In fact, there’s a lot of intense, purposeful staring. That’s how you know Lightyear is a hero. He’s thinking real hard, taking in as much information as he can, processing it, and putting his game-face on before going out there and saving the day. Champions don’t just punch hard, they think hard, they stare hard, they walk hard (uh, sorry, wrong movie, but also, yeah, that too).

Examing the Human Buzz Lightyear

Pixar pushing Lightyear as an earnest adventure story a la Guardians of the Galaxy rankles because it negates Buzz’s Toy Story therapy. We’re back in the delusion, the fantasy our beautifully gullible action figure fought to shed. Wrapping him within a Marvel Studios aesthetic feels like strapping Buzz into a straight jacket. We don’t need an origin story; we’ve got enough of those.

Since the film was first announced in 2020, a nervous shiver has rippled throughout the internet. And Pixar and Chris Evans are utterly aware of that restless strain. Last December, the actor assured his Twitter followers that this Lightyear is not our Buzz, “This is the origin story of the human Buzz Lightyear that the toy is based on.”

The HUMAN Buzz Lightyear. Huh. So, he’s a real dude? With a chin like that?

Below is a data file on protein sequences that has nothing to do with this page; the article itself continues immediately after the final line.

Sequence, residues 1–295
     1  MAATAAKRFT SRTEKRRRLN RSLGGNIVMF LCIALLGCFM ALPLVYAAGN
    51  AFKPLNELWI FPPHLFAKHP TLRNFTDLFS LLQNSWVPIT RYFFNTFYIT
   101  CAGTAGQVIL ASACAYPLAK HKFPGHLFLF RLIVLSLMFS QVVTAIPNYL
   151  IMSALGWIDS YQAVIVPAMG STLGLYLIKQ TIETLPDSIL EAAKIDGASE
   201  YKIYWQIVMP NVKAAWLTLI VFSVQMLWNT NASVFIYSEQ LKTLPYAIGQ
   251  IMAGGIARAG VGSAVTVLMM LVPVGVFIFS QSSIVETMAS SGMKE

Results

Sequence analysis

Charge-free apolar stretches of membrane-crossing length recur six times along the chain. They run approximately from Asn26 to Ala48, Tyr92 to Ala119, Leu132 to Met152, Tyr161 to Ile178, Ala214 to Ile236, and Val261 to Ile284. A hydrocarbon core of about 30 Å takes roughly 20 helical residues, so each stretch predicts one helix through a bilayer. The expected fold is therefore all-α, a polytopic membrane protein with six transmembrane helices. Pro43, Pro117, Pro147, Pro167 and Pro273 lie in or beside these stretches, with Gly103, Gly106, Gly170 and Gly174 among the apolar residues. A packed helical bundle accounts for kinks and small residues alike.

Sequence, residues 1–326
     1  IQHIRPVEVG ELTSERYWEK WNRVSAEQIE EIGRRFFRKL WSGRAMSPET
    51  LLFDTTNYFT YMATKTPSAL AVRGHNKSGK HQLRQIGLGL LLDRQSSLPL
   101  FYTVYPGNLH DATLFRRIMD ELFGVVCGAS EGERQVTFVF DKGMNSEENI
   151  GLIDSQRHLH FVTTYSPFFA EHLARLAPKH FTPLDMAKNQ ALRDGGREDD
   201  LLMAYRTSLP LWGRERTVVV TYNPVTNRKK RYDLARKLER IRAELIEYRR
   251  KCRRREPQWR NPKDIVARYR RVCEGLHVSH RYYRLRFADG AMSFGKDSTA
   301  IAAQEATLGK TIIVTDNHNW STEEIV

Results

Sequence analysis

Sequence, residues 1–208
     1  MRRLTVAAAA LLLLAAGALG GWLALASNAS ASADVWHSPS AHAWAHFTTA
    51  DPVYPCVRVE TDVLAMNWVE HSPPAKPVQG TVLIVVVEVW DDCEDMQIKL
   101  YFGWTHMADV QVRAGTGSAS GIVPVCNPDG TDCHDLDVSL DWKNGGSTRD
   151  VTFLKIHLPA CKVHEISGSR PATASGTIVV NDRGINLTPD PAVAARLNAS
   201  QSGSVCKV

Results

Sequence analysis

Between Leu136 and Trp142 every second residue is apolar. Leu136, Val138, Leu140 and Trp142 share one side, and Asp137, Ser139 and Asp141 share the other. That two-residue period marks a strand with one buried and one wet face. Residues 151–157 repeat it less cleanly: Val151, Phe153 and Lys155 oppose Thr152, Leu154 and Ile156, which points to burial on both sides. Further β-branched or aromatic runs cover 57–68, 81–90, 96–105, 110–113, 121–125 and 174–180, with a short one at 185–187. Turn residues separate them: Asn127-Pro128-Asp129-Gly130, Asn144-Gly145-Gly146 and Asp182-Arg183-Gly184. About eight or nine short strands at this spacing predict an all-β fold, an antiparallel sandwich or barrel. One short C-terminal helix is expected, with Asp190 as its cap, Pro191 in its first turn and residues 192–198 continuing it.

Not only is he a real dude, but we know Lightyear’s blood type. If you zoom in on the shot in the trailer revealing his dog tags, it’s right there in cold steel: O Positive, the most common blood type. He’s an everyman right down to his blood cells. Pixar wants us to look at this Lightyear the way we would Captain America or Captain Marvel. He’s lionhearted, one of Earth’s mightiest offerings.

Buzz Travels Outerspace to Find Innerspace

Our crinkly, uncomfortable feelings can easily be negated if Lightyear is a damn good time at the movies. If Pixar delivers a heartfelt, action-adventure romper the way they did with The Incredibles, Up, and Onward, then our worries are a moot point. And considering that the studio holds more wins than losses, we really shouldn’t doubt Lightyear‘s quality.

There is a longing to be out there in the stars again. The final frontier has returned. Outerspace exploration inevitably leads to Innerspace contemplation. We want what Captain Kirk, Peter Quill, and Carol Danvers found in deep space: meaning, purpose, escape from this burning third rock from the sun.

The Lightyear we witness in this trailer is clearly looking for something. Again, so much staring! The gaze indicates an emptiness within, a void that requires filling. This longing is felt by every one of us, and it’s at the center of the original Toy Story. We are meant for something; we just gotta go find what that something is.

Lightyear could be Pixar’s Star Trek, and not Captain Marvel or whatever. They’re using the Marvel Studios aesthetic as a shorthand, indicating an adventure saga slightly aged up from their usual adventure sagas. This seriousness contradicts the Toy Story style, and that is initially disagreeable but not necessarily detrimental. As long as they provide.

Lightyear is scheduled to launch into theaters on June 17, 2022.

Brad Gullickson: Brad Gullickson is a Weekly Columnist for Film School Rejects and Senior Curator for One Perfect Shot. When not rambling about movies here, he's rambling about comics as the co-host of Comic Book Couples Counseling. Hunt him down on Twitter: @MouthDork. (He/Him)